I grew up in a small town in the south of Romania, a town nicely situated on a river, with architecture that was beautiful and grotesque.
Beautiful because there were dozens of buildings dating back to the 18th and 19th centuries, decorated with Greek and Roman colonnades.
Grotesque because years of communism had left visible marks on these buildings and surrounded them with ten-storey blocks of flats, resembling gray sardine-like boxes.
As I was reaching adolescence, I started developing a strange empathy for them.
You see, at that age, I often felt misunderstood, lonely, unable to communicate with the rest of my family or other kids at school. I was discovering poetry and got really passionate about rhymes, lines, and metaphors. I felt as if I could perceive things differently from all the other people around me.
And the buildings – I thought only I could see their true nature.
A ritual developed. Every day, on my way to school, I would pass them by and I would wait with impatience and excitement the hour of the day when my eyes would stop on their walls and windows and squint at them.
I would ask myself if a broken door handle has been fixed, or if an opaque window has been changed and I would wait, knees trembling, for my morning meeting with those elements.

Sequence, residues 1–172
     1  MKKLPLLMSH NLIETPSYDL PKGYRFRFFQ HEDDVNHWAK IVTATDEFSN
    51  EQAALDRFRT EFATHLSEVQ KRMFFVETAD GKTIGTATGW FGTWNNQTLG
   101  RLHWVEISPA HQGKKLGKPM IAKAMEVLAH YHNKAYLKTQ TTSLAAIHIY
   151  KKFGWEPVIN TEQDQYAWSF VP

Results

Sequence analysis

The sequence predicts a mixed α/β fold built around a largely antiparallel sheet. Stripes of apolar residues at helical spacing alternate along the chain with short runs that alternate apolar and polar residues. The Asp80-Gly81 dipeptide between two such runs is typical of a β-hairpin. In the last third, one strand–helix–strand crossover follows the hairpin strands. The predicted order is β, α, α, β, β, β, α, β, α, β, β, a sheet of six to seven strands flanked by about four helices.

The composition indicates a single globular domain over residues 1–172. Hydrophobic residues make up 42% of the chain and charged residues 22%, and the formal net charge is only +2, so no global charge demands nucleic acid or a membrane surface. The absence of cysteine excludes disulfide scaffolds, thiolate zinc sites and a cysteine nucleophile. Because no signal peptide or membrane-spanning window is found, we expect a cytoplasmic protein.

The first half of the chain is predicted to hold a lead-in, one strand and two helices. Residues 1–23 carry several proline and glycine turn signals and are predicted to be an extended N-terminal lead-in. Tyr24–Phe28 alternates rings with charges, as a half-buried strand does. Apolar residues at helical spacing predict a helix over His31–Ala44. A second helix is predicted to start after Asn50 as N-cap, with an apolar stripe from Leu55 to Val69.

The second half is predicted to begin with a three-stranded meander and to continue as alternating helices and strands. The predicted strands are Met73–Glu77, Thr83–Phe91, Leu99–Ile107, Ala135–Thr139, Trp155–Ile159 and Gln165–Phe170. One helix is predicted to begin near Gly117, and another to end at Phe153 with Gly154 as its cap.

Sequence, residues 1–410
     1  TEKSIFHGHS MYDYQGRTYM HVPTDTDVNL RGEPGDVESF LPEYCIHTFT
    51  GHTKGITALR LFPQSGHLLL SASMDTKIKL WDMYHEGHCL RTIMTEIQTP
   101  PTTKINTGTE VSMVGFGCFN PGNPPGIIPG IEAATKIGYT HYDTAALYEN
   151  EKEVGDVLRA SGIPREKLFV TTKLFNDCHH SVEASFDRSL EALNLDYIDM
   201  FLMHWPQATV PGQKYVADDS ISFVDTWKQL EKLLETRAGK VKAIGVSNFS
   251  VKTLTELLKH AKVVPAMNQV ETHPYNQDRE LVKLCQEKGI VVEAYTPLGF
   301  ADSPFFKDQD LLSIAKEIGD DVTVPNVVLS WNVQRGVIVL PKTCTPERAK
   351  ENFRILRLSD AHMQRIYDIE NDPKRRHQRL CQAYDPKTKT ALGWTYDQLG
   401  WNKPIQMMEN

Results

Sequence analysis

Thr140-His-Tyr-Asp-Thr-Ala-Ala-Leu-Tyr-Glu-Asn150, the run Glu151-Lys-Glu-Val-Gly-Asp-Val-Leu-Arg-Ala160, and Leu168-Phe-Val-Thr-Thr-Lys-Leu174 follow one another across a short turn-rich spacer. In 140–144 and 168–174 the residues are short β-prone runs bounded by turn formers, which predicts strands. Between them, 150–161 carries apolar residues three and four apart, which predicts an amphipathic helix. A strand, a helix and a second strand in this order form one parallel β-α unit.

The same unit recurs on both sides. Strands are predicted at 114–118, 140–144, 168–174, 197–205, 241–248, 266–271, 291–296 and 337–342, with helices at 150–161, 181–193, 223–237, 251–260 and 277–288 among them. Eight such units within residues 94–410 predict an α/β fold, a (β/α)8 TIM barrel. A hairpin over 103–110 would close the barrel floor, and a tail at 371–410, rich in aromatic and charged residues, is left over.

I used to think a lot about the happy and unhappy lives that had passed inside those walls, the anger and misery and all of life’s good and bad features that would be happening in those buildings for generations and generations.
Occasionally, I could see an old, almost numb, hand reaching to close the window or take down the curtains.
Everything seemed dusty and old, but the more I thought of it, the deeper meaning I could find.
One day, I started writing about my love for the buildings. I described them in detail. I mentioned my confusion, my nervousness and then my happiness each morning when I would meet them. I used to write a line or two and then close my eyes and pick one word with my index finger. And then I would ponder this word’s meaning and I would look for more meaning in it. I could see how the whole idea would change when I chose a word, or another, or when I added or took out a word.
I realized then that it is important to master words, see the world with different eyes, change one’s perspective on things, and analyze situations differently.
Years passed and I moved out from that little town. But I still carry the sensation of the old, gray and decrepit building, the story of their glory and decay and the imagined stories of the people that have lived there.
Nothing that goes on in this world is a simple thing.
I decided to become a journalist and cherish words.
Because I believe in words and their power to create meaning.
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